Immigrants and Terorism


According to MoveHub (Tyrell, 2017), as our world is becoming more globalised, people are migrating across the globe at an increasing rate. This mass migration has not only transformed the host country, socially, economically and culturally, but has also produced diasporic communities within it. The term, diaspora is often associated with Jews living outside Israel, however it also relates to any community living outside of its homeland (Haider, 2015). For the purpose of this study, the term diaspora will relate to Muslim communities living in a Non-Muslim country specifically, in Europe and North America.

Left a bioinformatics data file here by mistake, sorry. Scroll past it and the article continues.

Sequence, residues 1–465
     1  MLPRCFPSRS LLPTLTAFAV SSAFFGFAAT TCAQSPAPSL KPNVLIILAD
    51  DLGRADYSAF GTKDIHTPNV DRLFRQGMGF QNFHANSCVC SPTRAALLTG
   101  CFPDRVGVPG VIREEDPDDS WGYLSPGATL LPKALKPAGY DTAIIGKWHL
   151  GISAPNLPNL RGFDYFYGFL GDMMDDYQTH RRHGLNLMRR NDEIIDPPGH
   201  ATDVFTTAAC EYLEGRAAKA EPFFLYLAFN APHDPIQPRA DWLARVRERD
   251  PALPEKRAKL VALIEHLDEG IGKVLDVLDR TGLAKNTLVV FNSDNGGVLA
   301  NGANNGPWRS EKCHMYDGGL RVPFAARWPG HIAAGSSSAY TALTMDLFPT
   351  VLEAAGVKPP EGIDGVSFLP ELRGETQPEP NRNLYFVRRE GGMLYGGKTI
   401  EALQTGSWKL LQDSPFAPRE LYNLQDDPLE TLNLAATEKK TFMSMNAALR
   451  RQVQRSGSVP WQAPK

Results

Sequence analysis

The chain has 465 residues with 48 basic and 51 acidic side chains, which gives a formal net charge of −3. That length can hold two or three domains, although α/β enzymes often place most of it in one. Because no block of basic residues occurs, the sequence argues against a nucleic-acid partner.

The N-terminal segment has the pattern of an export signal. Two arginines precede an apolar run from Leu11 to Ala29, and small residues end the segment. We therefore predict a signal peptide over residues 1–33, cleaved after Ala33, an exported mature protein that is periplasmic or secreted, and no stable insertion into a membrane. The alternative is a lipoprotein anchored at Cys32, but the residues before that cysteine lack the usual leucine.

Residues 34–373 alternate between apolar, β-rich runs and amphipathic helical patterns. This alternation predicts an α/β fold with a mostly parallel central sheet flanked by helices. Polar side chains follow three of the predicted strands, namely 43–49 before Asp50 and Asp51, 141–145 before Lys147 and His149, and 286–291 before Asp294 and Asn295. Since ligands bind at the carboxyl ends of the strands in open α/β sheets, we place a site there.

The research will focus on the impact living in a diasporic community has on a Muslim person’s likelihood of becoming radicalised. The term radicalisation has been used since the 18th century. In its historical context, it refers to someone who has worked in the field of medicine or science and is often related to the period of enlightenment, which became associated with anti-clerical, anti-monarchy and pro-democratic tendencies. The 20th century definition of radicalisation is different to that of two hundred years ago. Radicalisation is still a movement which is identified as anti-government and anti-authority, however rather than being associated with often left-wing political views, it is now more commonly associated with religious radicalisation, namely that of Islamist extremism (Schmid 2016).

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